Feb. 7 (NBD) -- The price of Bitcoin slid by more than 25 percent to below 6,000 U.S. dollars per coin Tuesday amid enhanced supervision over cryptocurrency worldwide, plummeting by nearly 70 percent from its peak of 19,282.73 U.S. dollars posted in mid-December of 2017.  

Worldwide supervision over cryptocurrency strengthened

The U.S. authorities began to investigate tax issues relating to Bitcoin trading, mining, and payment. Meanwhile, the country's three largest banks - Bank of America, Citigroup, and JPMorgan Chase & Co - have banned the use of credit cards to buy Bitcoin or other encrypted currencies. 

The UK's largest mortgage lender Lloyds Banking Group has also imposed the same ban on Bitcoin. 

The central bank of China recently said it will tighten regulations on domestic investor participating in overseas transactions of initial coin offerings (ICOs) and virtual currency due to the high risks in the sector. Overseas ICO transaction platforms pose risks including illegal offerings, false information, fraud and pyramid schemes. China will take a string of measures to guard against financial risks and maintain stability, according to People's Bank of China.

In January, the country's Office of the Leading Group for the Special Campaign against Internet Financial Risks released a notice urging local governments to guide enterprises under their administration to orderly exit the Bitcoin mining business. 

Firms either sell assets or stay low-key

The crazily rising prices of digital currencies like Bitcoin drew a lot of "gold seekers" last year.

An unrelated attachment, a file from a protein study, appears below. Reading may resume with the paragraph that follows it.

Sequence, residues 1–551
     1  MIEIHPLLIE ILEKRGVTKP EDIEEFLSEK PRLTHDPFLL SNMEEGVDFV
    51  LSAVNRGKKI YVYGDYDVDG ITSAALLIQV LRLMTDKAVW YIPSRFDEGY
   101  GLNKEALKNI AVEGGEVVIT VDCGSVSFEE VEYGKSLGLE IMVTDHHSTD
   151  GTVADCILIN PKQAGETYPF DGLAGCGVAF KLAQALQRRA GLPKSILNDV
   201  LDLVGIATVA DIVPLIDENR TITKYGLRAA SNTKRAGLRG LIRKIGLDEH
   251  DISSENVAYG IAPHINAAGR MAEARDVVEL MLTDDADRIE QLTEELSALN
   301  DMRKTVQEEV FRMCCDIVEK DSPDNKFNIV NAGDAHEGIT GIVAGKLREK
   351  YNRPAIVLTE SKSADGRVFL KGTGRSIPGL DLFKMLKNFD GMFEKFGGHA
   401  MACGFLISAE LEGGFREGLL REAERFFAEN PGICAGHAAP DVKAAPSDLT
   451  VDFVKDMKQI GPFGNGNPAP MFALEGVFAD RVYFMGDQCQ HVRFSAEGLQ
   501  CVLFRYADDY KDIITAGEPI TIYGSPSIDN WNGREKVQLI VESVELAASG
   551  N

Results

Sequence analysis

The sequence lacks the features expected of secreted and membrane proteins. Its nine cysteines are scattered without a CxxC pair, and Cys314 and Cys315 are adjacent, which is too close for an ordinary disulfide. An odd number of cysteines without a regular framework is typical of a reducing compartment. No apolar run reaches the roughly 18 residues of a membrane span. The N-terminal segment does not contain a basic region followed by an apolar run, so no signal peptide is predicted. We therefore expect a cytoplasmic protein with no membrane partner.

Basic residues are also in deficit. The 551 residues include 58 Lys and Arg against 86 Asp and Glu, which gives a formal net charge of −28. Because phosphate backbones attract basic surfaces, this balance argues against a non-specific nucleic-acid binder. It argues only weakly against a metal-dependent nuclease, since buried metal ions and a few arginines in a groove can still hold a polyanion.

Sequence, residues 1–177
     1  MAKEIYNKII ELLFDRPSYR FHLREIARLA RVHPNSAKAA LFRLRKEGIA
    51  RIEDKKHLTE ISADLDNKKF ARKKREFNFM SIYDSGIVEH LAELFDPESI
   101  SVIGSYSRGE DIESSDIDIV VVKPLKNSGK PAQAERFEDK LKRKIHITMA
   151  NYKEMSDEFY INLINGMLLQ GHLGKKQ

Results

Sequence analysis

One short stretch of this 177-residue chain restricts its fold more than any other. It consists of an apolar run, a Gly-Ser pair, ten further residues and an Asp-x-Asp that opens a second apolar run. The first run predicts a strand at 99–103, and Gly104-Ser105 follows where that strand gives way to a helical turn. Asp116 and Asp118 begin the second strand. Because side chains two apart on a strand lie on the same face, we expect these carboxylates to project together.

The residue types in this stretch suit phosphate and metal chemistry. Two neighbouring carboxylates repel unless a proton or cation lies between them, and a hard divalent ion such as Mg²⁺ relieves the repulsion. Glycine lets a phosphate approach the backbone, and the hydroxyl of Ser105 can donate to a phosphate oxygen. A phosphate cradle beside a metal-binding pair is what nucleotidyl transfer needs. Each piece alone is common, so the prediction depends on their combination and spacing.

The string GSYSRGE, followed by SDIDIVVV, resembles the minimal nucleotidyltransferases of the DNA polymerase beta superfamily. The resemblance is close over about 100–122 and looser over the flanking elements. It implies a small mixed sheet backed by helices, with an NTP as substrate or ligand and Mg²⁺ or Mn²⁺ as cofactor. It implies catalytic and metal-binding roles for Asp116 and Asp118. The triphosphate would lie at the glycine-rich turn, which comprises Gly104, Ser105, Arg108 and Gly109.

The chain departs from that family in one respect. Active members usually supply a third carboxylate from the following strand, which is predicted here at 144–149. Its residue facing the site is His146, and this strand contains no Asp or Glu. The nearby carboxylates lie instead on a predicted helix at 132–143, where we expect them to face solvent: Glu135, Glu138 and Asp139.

Data shows Chinese manufacturers account for over 90 percent share of the global cryptocurrency mining machine market. 

Photo/Shetuwang

However, amid the tightened supervision over virtual currencies and mining business, some listed companies with a presence in the sector are either keeping their heads down or spinning off their related assets. 

Shenzhen Kaifa Technology Co., Ltd., which described itself as one of the leading Bitcoin mining machine manufacturers in China and reported production of about 150,000 mining machines in January 2018 in an announcement in mid-January, now keeps a tight lip about both Bitcoins and mining machines. 

When reached by NBD over the phone and asked about whether the company would continue its mining machine production, a source with the company's secretary office held his tongue and then hung up the phone. 

Jiangsu Akcome Science & Technology Co., Ltd., a Jiangsu, China-based company principally engaged in the research and development, design, manufacture and distribution of photovoltaic solar energy accessories, has said that upon the authority's guidance, the company has sold its 100 percent stake in Xinjiang Aikang Huicheng Information Technology Co., Ltd., which managed more than 10,000 Bitcoin mining machines through its operation and maintenance business. The deal generated proceeds of around 41.63 million yuan (6.6 million U.S. dollars). 

With regard to the enhanced supervision, China Greatwall Technology Group Co., Ltd., whose kilowatt-grade power supply has been regarded as a benchmark product in China's cryptocurrency mining machine market, said that the company just provides a component rather than produce mining machines. If there comes new regulatory policies, the company will make rectification in accordance with the laws and regulations. 

It's noteworthy that driven by the thriving sales of cryptocurrency mining machines, China Greatwall's revenue from power supply products reached 1.323 billion yuan (210.4 million U.S. dollars) in the first half of last year, up nearly 30 percent year on year.  

 

Email: lansuying@nbd.com.cn